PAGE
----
International intrigue: Congress sees ZTE, Huawei as U.S. security threats
Two Chinese telecom vendors—Huawei Technologies and ZTE—present a security risk and should be shut out of the U.S. market, the U.S. House of Representatives Intelligence Committee said in a report to be released today.
According to multiple reports, the committee's 11-month investigation of the two giant vendors revealed that the companies pose an espionage threat because of their purported relationships with their government. A draft copy of the report faulted both vendors for failing to provide detailed information about "formal relationships or regulatory interaction with Chinese authorities," a Reuters story said.
The report concluded that the two companies "cannot be trusted" to be free of Chinese government influence and that they could be used to undermine U.S. security, according to a story by the AFP news service.
The impact of the report's recommendations could be widespread. Huawei is the world's second largest manufacturer of routers, switches and telecoms equipment behind Ericsson (Nasdaq: ERIC), and ZTE ranks fifth. Both are also huge players in the mobile space.
Both companies—and the Chinese government—vigorously denounced the report, which is still only available in draft form.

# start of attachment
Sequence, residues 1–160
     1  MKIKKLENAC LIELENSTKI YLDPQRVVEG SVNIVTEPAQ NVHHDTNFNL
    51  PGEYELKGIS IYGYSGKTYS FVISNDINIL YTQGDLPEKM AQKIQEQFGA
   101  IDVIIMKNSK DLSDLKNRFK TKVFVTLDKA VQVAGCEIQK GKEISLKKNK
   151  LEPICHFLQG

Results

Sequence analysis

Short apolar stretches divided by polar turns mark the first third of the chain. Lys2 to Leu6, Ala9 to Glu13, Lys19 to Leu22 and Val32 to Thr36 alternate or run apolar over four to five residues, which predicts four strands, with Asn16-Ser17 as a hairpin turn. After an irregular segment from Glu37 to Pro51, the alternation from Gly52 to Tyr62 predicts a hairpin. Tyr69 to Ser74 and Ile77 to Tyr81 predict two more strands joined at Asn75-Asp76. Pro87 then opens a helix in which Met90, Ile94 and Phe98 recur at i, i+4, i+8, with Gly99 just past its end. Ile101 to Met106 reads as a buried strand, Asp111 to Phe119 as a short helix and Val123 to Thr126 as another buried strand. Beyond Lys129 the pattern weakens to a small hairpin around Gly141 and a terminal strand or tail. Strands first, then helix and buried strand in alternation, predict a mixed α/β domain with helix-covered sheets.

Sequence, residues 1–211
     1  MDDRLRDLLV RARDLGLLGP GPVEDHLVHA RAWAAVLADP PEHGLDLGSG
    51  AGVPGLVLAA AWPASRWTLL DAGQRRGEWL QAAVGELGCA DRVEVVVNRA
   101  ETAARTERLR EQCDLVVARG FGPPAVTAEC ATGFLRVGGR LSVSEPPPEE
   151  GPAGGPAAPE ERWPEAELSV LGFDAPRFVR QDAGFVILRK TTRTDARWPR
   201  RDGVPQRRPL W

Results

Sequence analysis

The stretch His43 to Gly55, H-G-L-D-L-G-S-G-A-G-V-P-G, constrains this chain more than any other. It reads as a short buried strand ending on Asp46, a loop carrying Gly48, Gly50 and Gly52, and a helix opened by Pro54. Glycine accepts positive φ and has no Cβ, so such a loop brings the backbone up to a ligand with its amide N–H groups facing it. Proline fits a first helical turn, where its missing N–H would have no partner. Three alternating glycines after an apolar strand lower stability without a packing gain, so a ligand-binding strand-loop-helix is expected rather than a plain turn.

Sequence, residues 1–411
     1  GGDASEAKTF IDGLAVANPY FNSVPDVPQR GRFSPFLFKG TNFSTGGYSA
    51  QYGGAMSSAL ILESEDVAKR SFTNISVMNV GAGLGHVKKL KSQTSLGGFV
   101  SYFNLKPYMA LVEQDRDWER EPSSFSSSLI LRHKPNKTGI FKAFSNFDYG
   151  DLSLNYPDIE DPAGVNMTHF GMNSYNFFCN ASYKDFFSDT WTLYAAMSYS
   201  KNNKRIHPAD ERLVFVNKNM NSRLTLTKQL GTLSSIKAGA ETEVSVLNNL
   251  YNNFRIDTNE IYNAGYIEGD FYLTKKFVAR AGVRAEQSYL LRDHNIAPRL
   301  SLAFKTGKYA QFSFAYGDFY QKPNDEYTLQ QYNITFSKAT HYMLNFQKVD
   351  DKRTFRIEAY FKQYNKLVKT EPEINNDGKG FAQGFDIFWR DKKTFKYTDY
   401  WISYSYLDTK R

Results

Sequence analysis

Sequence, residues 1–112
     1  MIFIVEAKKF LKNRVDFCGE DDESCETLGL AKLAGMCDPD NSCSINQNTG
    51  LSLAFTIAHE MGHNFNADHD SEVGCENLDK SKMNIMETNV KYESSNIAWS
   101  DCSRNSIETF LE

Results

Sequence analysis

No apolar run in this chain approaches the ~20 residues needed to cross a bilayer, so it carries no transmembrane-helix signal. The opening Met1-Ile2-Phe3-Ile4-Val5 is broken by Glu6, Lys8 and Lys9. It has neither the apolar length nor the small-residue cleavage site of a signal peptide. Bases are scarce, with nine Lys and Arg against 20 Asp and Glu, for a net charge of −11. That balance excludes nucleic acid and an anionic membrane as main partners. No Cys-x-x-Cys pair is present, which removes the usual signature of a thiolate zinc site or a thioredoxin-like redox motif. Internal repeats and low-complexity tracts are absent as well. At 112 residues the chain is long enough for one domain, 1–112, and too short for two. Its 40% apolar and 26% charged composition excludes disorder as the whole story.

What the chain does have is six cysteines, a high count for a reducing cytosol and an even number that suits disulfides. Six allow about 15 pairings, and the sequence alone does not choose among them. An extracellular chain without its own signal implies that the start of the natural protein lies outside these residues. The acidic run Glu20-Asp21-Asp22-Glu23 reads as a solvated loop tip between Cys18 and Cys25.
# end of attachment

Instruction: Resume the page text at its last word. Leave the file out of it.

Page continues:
"Baseless suggestions otherwise or purporting that Huawei is somehow uniquely vulnerable to cyber mischief ignore technical and commercial realities, recklessly threaten American jobs and innovation, do nothing to protect national security and should be exposed as dangerous political distractions from legitimate public-private initiatives to address what are global and industry-wide cyber challenges," Huawei spokesman William Plummer said in a statement emailed to Reuters.
ZTE, meanwhile, released a copy of a letter it sent to the committee after a September hearing in which it said it "profoundly disagrees" with any claims that it is directed or controlled by the Chinese government and that it "should not be a focus of this investigation to the exclusion of the much larger Western vendors," the Reuters story continued.
Even more ominous than the expected vendor responses, the Chinese government itself jumped into the fray this morning suggesting that "prejudices" might be at the core of the matter.
"We hope the U.S. Congress will set aside prejudices, respect the facts and do things that will benefit China-U.S. economic cooperation instead of the contrary," foreign ministry spokesman Hong Lei said in a story reported by the AFP news service.
"China's telecom enterprises have been engaged in international cooperation according to market economy rules and their investment has demonstrated the mutually beneficial nature of China-U.S. economic ties," he continued.
The U.S. is not the first country to worry about links between Chinese firms and their government. Earlier this year Australia blocked Huawei from bidding on contracts for its broadband plan.